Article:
Hey, Worldpilot. Have you ever taxied your C150 around EWR, never mind a B744? If you had you would understand why 'these things happen' most especially at a cramped dump like EWR. Please dont make sweeping statements unless you are in the know. Which I guess your are not.

Check 6
4th Nov 2006, 02:31
How about the facts from the FAA preliminary report? I can't believe how many spotters and C-150 drivers that have become experts on PPrune.
Regis#: DHL403 Make/Model: B747 Description: B-747
Date: 10/31/2006 Time: 2330
Event Type: Accident Highest Injury: None Mid Air: N Missing: N
Damage: Substantial
City: NEWARK State: NJ Country: US
INJURY DATA Total Fatal: 0
# Crew: 0 Fat: 0 Ser: 0 Min: 0 Unk:
# Pass: 0 Fat: 0 Ser: 0 Min: 0 Unk:
# Grnd: Fat: 0 Ser: 0 Min: 0 Unk:
WEATHER: WIND220 AT 10 VIS10 SCT250 19/M08 A2987
Activity: Business Phase: Taxi Operation: Air Carrier
Departed: NEWARK, NJ Dep Date: Dep. Time:
Destination: FRANKFORT, GERMANY Flt Plan: IFR Wx Briefing:
Last Radio Cont:
Last Clearance:
FAA FSDO: TETERBORO, NJ (EA25) Entry date: 11/01/2006

LINK TO ABOVE (http://www.faa.gov/data_statistics/accident_incident/preliminary_data/media/D_1101_N.txt)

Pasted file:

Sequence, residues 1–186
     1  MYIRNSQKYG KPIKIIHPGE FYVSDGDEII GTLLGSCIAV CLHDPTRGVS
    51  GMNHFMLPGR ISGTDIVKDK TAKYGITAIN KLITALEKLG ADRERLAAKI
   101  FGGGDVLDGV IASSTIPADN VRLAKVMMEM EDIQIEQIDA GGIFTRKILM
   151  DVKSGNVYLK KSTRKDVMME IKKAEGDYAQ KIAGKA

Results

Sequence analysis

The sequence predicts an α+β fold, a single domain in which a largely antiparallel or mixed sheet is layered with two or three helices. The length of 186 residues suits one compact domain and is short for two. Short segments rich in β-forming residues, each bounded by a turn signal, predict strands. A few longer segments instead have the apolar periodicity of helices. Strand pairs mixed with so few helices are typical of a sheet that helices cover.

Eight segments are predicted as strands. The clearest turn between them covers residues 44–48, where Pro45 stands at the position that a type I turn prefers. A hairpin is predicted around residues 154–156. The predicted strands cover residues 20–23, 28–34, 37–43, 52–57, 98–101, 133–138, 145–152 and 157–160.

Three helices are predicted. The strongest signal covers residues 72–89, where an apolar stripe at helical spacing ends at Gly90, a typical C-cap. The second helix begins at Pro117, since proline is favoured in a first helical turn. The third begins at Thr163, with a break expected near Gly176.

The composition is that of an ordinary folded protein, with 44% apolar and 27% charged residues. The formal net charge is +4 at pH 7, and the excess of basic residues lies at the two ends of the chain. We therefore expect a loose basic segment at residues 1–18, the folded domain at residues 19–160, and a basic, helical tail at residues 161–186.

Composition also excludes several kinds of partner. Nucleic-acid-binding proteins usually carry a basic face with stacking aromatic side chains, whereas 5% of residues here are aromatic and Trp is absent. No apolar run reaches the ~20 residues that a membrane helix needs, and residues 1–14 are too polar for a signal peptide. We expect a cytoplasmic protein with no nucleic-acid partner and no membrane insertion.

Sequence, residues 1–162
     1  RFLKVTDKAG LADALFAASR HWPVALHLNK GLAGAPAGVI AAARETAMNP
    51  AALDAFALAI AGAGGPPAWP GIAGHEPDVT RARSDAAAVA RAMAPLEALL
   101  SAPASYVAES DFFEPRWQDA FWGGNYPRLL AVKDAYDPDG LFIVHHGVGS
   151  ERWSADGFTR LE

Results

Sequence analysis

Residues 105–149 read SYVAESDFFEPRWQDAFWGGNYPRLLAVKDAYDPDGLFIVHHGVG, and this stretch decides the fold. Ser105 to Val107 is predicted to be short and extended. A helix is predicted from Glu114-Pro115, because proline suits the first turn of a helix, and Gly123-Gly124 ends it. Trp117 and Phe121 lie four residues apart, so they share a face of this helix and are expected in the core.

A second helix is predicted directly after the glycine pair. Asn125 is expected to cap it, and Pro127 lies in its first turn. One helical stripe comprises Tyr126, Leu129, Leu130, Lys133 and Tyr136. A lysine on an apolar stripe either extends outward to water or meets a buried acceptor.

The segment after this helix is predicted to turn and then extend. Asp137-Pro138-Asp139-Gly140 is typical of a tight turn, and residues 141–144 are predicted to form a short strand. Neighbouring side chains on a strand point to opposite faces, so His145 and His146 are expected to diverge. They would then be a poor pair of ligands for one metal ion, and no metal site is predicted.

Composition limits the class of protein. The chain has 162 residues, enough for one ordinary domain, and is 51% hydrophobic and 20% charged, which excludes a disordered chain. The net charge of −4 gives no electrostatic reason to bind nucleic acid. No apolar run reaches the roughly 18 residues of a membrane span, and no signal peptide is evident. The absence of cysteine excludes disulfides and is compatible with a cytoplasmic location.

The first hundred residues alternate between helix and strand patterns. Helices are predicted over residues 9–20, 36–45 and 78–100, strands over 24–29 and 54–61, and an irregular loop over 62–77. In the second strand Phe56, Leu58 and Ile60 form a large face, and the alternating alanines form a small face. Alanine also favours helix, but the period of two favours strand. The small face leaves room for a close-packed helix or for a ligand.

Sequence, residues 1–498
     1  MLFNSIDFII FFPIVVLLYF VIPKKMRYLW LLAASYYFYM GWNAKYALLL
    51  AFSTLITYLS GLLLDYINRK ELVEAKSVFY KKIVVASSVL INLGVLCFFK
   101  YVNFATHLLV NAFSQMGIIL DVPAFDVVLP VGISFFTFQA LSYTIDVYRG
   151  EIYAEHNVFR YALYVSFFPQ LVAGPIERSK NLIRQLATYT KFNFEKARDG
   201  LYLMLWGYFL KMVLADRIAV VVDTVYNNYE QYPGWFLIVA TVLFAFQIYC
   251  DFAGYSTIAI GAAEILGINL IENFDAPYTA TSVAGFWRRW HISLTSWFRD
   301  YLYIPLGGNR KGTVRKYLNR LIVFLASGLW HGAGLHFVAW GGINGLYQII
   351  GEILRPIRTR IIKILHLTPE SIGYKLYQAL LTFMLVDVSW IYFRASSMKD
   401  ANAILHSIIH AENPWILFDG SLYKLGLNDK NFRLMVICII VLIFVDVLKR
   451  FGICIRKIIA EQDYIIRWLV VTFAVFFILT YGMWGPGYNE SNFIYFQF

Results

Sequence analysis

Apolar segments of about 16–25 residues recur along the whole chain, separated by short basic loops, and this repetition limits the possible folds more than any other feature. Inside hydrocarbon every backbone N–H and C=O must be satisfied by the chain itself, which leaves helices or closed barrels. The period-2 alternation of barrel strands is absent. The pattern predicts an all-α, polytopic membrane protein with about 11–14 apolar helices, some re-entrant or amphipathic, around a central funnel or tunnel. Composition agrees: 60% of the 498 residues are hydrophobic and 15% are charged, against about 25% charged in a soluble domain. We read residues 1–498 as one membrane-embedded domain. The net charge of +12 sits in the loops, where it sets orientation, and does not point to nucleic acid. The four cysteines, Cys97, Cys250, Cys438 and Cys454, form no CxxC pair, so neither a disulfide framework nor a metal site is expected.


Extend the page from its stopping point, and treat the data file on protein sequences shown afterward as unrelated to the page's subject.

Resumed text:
Ignition Override
4th Nov 2006, 03:35
Follow every taxi line? So it is that simple? This is why so much 'aviation theory' can not be applied directly to real world flight operations.
If we followed the taxi line to two or three of our Newark gates, we would easily smash our left wing into either the concrete wall or equipment parked there.

The line might have been painted many years ago for a small plane such as a Metroliner.

Many amateurs believe that aviation theory is followed without question.:oh:

The Blu Riband
8th Nov 2006, 14:49
Just returned from KEWR.
Taxiied in and out of this cul de sac in a B777.
The line is a double curve which obviously means that one cannot accurately determine the clearance. Plus you get "wingtip growth" on swept wing a/c. Very uncomfortable when you cannot see the wingtip - although even on those a/c where one can see the angle and distance makes judgement difficult.
Newark ground crew are generally poorly trained temporary staff who use a unique set of hand signals; confusing!!

Hard to believe anyone could accidentally land on taxiway Z which is not the same as the parallel emergency runway at Lgw

9th Nov 2006, 07:18
If something like this ever happens to you, make sure your voice is on the CVR saying, "Watch it!", as soon as possible.

9th Nov 2006, 13:35
As a regular user of EWR I agree with Blu Riband that the standard of ground crew there is very low. We often have discussions on the flight deck while being marshalled onto the stands there about what the hell the guy with the wands actually wants. On one accasion I stopped due to the confusion and the guy threw his wands over his head and walked off!